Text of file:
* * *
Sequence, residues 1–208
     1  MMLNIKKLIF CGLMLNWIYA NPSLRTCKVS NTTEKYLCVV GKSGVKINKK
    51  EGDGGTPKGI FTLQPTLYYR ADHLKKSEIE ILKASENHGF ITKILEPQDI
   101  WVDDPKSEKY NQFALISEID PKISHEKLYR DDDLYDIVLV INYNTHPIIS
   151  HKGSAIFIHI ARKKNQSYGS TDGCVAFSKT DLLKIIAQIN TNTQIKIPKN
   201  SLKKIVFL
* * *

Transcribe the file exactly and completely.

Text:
Sequence, residues 1–208
     1  MMLNIKKLIF CGLMLNWIYA NPSLRTCKVS NTTEKYLCVV GKSGVKINKK
    51  EGDGGTPKGI FTLQPTLYYR ADHLKKSEIE ILKASENHGF ITKILEPQDI
   101  WVDDPKSEKY NQFALISEID PKISHEKLYR DDDLYDIVLV INYNTHPIIS
   151  HKGSAIFIHI ARKKNQSYGS TDGCVAFSKT DLLKIIAQIN TNTQIKIPKN
   201  SLKKIVFL